Click the button below to learn about pruning different types of roses.
An easy way to bring spring delight to your garden is by planting bulbs and their ilk (corms, tubers, rhizomes, etc.) in the fall. Local nurseries are now selling fall planted bulbs for beautiful spring blooms.
According to The Sunset Western Garden book, take these steps to ensure healthy and vibrant blooms:
1. Work a complete fertilizer into the entire bed or mix a tablespoon of fertilizer into the bottom of individual holes; add 2 inches of compost over that.
2. Place the bulb in the hole. To protect bulbs from gophers, plant each in a basket of wire mesh. For depth and spacing of specific bulbs, refer to package or planting guide.
3. Irrigate bulbs while they're growing actively, from after planting until the foliage dies back.
4. Apply a high-nitrogen fertilizer when growth starts. Leave spent foliage until it dries; then feed and water once more.
There is a stunning amount of cultivars on the market today for Daffodils, also known as Narcissus. Plenty of specialty catalogs carry hundreds of varieties of this simple yet beautiful bulb, but you will always be able to find it at you local nursery as well. I like Brent & Becky's Bulbs for their wide selection.
These plants are in the Iris family and originally from South Africa. The cultivars used in gardening today come in many colors, including yellow, white, purple, orange and pink. Their spicy sweet fragrance is truly wonderful!
Depending on your climate zone, you might have to pre-chill your bulbs or order them already pre-chilled. But what stunning colors and forms! If you live in a climate that doesn't experience a cold winter, use tulips in planters and pots in order to easily remove the bulbs in the fall to place in your fridge for spring time planting. Click here for a great article on growing tulips in Southern California.
"Ixia bulbs are winter growers and should be planted in early fall and watered to start them into growth. In mild areas they may be grown outside in a sunny positions but in cold winter areas they need frost protection. They are suitable for planting directly into a bed in a cool glasshouse which is kept just-frost-free, or for growing in pots, although many of them are a little tall for this purpose. After reaching the end of their growing season in late spring they can be dried off for the summer months."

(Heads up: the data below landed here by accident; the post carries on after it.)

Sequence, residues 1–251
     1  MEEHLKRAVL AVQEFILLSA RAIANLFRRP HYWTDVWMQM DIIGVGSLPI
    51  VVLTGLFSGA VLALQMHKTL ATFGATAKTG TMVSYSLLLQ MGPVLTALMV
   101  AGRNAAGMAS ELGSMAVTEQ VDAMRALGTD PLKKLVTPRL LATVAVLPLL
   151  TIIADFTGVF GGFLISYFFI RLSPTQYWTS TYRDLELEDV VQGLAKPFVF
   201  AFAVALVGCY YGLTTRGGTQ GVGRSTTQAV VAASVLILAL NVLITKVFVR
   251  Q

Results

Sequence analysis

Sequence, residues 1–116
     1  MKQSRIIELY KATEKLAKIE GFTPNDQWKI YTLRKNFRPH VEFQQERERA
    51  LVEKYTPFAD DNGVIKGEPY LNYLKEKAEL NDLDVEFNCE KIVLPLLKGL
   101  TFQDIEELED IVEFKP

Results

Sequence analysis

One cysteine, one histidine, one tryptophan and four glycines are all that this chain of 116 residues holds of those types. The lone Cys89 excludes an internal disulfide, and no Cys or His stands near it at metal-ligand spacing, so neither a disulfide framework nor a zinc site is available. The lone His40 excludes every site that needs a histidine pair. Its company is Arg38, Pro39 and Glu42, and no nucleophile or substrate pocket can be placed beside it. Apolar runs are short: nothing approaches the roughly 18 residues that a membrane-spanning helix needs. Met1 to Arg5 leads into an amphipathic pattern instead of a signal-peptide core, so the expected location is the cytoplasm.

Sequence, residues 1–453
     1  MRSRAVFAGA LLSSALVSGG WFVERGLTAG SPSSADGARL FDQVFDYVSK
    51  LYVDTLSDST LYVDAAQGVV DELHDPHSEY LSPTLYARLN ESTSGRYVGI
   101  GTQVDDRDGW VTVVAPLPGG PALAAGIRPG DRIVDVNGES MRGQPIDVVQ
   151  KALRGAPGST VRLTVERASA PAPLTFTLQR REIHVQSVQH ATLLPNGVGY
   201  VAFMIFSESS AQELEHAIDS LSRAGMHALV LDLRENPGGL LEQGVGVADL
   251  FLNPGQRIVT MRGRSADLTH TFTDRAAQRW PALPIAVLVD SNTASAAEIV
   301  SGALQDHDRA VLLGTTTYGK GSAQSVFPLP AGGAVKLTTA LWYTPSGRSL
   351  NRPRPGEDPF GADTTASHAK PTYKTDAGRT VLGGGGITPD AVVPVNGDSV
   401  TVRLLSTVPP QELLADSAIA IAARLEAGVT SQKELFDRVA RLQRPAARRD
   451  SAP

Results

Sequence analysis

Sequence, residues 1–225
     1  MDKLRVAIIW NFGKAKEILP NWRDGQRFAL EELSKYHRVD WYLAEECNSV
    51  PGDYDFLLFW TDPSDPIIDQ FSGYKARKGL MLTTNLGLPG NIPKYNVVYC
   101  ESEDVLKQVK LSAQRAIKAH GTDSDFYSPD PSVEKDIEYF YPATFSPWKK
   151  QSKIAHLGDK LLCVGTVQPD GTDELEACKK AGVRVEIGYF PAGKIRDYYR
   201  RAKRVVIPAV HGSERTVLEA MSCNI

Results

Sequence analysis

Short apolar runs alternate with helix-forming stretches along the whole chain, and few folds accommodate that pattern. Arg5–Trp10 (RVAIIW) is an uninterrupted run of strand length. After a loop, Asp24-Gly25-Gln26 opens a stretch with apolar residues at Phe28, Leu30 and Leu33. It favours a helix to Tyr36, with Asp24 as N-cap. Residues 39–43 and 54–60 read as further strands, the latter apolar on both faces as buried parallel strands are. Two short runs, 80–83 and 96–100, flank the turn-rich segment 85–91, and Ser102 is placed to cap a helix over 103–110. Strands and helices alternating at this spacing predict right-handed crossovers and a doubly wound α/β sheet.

Iris 'Canyon Snow'
The Univeristy of California Davis Arboretum has compiled a list of plants they deem 'All-Stars', and Iris 'Canyon Snow' is one of them! From their All-Stars site:
"California native plant; most dependable hybrid iris of the Pacific coast; white orchid-like flowers light up shady gardens; grows with little maintenance; narrow leaves form an attractive, evergreen, grass-like mound."
And from our own Santa Barbara Botanical Garden:
"One of the loveliest of the Pacific Coast Hybrid irises, this clone has pure white flowers that consist of three erect standards and three broad falls held perpendicular to the stem. Each fall is highlighted by a yellow patch at the base. This rhizomatous iris, with its bright shiny green foliage, slowly spreads to form clumps up to 4 ft across."
A landscape designer's favorite ground covers must possess the following traits: uniform growth, spreading, sturdy, low-growing, and beautiful. The following five foot the bill.
At first glance, this plant almost looks like creeping rosemary, but does not possess a rosemary's blue, glaucous tinge. This Australian native is drought tolerant, and creates a gorgeous green carpet. This dense, quick growing ground cover should be spaced about six feet apart, and given little to moderate water.
A mat forming, trailing, drought tolerant, floriferous ice plant that can take poor soils, sun, little water, and coastal conditions. Cultivars such as 'Red Apple' are likely to be found at your local nursery.
'Huntington Carpet,' 'Irene' or 'Prostratus' are great choices for covering slopes, cascading over walls, and are great contenders for replacing thirsty lawns. Full sun, little irrigation, and extremely melliferous!
'Lowfast' or 'Coral Beauty' are great selections for this even, robust ground cover. Tolerant of sun or shade, and it survives on little irrigation. This winner is low and spreading, with dainty white flowers in the spring followed by red berries.
Baccharis pilularis (Coyote Brush)
I love this plant: it doggedly refuses to acknowledge that nothing that green and vibrant should be growing where it is growing (extremely dry, rocky, hot chaparral and coastal scrub). 'Pigeon Point' or 'Twin Peaks' are the two most popular forms for ground cover.